STATE OF NEW JERSEY v. IRIS QUINTEROAnnotate this Case
(NOTE: The status of this decision is Published.)
NOT FOR PUBLICATION WITHOUT THE
APPROVAL OF THE APPELLATE DIVISION
SUPERIOR COURT OF NEW JERSEY
DOCKET NO. A-0
STATE OF NEW JERSEY,
APPROVED FOR PUBLICATION
January 27, 2016
January 27, 2016
Before Judges Hoffman, Leone and Whipple.1
On appeal from Superior Court of New Jersey, Law Division, Union County, Municipal Appeal No. 6050.
Greggory M. Marootian argued the cause for appellant.
Kimberly L. Donnelly, Special Deputy Attorney General/Acting Assistant Prosecutor, argued the cause for respondent (Grace H. Park, Acting Union County Prosecutor, attorney; NaSheena D. Porter, Special Deputy Attorney General/Acting Assistant Prosecutor, of counsel and on the brief).
The opinion of the court was delivered by
Defendant appeals from her de novo conviction for refusal to submit to a breath test, N.J.S.A. 39:4-50.4a. Defendant argues that her conviction should be vacated because the Attorney General's current standard statement under N.J.S.A. 39:4-50.2(e) is fundamentally deficient for not specifying the mandatory minimum penalties for refusal. For the reasons that follow, we affirm.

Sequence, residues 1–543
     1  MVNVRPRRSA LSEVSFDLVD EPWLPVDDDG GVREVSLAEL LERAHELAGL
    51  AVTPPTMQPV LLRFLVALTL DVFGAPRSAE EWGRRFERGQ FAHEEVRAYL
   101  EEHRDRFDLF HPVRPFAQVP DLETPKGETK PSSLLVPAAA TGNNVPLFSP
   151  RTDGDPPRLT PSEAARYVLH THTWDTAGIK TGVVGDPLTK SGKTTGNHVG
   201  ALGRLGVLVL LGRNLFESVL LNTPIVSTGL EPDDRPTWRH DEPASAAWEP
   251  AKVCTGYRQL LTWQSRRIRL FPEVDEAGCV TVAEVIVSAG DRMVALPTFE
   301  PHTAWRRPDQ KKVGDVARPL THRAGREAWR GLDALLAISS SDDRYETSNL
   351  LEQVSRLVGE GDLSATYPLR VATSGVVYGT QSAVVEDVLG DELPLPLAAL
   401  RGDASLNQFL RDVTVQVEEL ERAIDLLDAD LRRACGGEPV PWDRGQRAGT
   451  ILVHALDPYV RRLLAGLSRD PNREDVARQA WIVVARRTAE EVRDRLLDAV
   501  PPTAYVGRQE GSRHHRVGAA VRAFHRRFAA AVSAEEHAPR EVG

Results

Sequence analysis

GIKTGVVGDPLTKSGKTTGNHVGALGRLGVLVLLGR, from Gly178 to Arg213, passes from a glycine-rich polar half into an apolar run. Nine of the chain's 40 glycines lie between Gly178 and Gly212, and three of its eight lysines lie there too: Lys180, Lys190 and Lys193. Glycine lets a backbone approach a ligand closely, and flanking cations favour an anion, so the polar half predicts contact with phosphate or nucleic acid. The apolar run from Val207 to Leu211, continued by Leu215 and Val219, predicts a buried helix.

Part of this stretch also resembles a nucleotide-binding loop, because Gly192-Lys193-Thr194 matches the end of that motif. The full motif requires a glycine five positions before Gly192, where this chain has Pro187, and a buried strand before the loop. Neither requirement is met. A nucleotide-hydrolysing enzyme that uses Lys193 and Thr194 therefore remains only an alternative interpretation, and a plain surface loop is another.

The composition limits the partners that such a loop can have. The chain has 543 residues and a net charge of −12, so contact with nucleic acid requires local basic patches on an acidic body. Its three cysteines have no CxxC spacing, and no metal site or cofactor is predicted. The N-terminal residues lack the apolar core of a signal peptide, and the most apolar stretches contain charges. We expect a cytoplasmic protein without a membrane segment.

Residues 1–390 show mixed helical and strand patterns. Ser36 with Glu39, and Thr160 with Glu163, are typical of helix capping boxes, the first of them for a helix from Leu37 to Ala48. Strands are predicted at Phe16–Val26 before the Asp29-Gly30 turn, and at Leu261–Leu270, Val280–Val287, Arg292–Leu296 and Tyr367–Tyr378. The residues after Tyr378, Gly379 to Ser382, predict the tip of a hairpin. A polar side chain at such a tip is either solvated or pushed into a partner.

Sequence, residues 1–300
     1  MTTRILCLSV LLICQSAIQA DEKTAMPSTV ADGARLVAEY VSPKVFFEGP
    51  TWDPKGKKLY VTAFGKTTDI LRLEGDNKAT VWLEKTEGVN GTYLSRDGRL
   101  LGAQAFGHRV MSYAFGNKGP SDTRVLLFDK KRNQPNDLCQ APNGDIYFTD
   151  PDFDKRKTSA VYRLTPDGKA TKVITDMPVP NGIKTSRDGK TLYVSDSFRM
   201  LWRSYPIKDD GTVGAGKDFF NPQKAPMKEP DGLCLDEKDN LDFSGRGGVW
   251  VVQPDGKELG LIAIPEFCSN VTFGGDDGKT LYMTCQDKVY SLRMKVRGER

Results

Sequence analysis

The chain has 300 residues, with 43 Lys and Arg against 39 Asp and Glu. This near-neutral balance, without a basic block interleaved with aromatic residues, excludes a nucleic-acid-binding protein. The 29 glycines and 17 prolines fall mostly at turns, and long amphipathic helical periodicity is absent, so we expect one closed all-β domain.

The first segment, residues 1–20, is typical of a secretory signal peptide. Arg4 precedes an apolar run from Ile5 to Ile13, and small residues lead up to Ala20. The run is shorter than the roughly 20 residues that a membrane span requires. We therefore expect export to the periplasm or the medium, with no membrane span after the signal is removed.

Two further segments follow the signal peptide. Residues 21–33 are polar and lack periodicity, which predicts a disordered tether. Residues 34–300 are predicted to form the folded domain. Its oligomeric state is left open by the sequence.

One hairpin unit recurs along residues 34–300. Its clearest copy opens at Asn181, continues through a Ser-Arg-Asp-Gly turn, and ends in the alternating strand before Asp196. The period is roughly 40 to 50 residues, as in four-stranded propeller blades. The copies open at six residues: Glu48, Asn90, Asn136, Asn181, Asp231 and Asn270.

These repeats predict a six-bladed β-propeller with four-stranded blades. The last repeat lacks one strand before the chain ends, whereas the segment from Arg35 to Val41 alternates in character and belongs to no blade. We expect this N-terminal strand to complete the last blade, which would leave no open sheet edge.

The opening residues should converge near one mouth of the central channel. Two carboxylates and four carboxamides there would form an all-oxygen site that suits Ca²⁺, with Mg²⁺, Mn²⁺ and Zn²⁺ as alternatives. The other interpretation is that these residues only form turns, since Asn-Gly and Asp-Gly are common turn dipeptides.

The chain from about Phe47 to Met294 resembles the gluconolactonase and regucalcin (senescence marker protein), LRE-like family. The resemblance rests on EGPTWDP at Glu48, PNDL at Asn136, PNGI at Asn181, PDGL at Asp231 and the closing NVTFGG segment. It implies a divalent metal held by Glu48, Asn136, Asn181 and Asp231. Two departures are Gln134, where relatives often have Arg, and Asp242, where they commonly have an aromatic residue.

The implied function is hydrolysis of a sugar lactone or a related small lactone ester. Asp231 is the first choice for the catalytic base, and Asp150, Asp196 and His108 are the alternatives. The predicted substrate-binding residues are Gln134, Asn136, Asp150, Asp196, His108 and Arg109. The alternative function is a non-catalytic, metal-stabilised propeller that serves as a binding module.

On December 7, 2012, defendant consumed several vodka and cranberry juice cocktails before driving her vehicle in Roselle Park. Defendant's tire blew out, but she continued driving on the tire rim until the Roselle Park Police finally stopped her. After defendant failed street sobriety tests, the officer transported her to police headquarters. There, defendant refused to submit to a breath test, even after the officer read the standard statement2 indicating the consequences if she did not take the breath test.